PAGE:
It’s important to understand modern conventional farming is designed to grow and fatten animals at an unnaturally rapid rate; the animals eat a calorie-rich, grain-based diet rather than the nutrient-rich, grass-based diet they would naturally consume in the wild. Cows are ruminants, meaning their digestive systems are designed for eating grasses. Inappropriately feeding animals a deviant diet of dry grain is a direct contributor to those animals developing pathogens such as E. coli (in cattle) and salmonella (in poultry). Did you know that mad cow disease is unknown among cattle fed entirely on pasture and hay? When cows eat the foods nature intended the cows to eat, they are healthier. You simply can’t separate the health of the animal you eat from your own health.
In addition, when factory-farmed cows eat grains, they aren’t as healthy as they would otherwise be, and unhealthy cows get sick (and need anti¬biotics). So, even if ranchers feed cows organic grain, that doesn’t mean grain per se is optimal for cow health. Ultimately, grain-fed beef is not desirable for you either. The same logic applies to sugar; if push comes to shove, we suppose it’s better to eat organic sugar over conventional sugar, but eating organic-stamped sugar cubes will never be what the doctor ordered for optimal health.
Grain-fed animals and the milk from grain-fed animals are less nutritious than grass-fed, pastured animals. For example, compared with grass-fed meat, grain-fed meat has only one quarter as much vitamin E and one eighth as much beta-carotene. And because the composition of the fats present in eggs, chicken, meat, and dairy directly reflects the foods the animals consume, animals raised on conventional, commercial grain feeds (even organic grain feed) have less than desirable fat profiles.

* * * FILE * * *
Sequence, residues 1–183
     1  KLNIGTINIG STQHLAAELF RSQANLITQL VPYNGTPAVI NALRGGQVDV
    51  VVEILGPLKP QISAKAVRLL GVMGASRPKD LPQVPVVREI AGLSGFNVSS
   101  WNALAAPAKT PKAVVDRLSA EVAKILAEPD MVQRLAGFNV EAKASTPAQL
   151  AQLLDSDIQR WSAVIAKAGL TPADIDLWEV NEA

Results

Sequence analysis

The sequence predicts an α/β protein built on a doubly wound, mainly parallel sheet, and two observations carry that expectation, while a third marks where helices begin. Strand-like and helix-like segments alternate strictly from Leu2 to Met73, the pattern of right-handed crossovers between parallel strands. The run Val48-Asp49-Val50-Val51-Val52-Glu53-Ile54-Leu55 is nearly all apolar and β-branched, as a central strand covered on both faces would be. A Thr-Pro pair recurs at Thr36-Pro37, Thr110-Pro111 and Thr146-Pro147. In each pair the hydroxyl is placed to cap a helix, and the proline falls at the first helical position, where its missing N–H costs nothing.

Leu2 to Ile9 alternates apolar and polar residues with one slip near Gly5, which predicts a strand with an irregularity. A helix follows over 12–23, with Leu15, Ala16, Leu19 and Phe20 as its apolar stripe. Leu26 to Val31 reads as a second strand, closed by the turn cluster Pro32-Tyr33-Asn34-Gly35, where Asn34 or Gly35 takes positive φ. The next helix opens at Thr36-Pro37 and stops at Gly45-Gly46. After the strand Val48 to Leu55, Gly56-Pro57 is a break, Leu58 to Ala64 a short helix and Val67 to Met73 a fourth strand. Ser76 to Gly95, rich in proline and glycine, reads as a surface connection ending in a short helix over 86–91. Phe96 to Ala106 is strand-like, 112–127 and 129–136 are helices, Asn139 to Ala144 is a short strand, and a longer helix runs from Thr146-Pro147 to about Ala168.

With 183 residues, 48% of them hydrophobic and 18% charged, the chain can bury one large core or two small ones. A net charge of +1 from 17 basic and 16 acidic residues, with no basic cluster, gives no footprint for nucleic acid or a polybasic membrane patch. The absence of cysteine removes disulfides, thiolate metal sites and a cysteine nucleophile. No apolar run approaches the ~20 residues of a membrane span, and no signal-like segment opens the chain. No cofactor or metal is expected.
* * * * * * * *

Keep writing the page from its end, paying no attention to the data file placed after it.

Conventionally raised animals fed grain-based diets have far more pro-inflammatory omega-6 fat and much less anti-inflammatory omega-3 fat. The balance between these two types of fat is essential to our overall health. And as we discussed in our Clean Cuisine book, most people eating a modern-day diet already consume far too many omega-6 fats and far too few omega-3 fats. Too much omega-6 fat and not enough omega-3 fat can disrupt the body’s immune system, exacerbate inflammatory conditions such as asthma and allergies, decrease the body’s sensitivity to insulin and increase the risk of type 2 diabetes, and even contribute to obesity and heart disease. Eating conventionally raised animals containing high amounts of omega-6 fat is one of the major contributing factors as to why our omega fat ratio is so out of whack. The fat in grass-fed/ pastured animals is much closer to a healthy balance.
Keep in mind, it really doesn’t matter whether the animal is fed ordinary grain, genetically modified grain, or organic grain. Feeding large amounts of any type of grain to a grazing animal will negatively affect the quality of the animal’s meat and milk. So, while organic meat may be free of unwanted toxins, it is still nutritionally inferior to grass-fed/ pastured meat.
What is the Best Meat? The Bottom Line
The absolute very best meat would be both organic and pastured/ grass-fed. But, if you have to choose between one or the other, which you usually do, then it is best to choose pastured / grass-fed.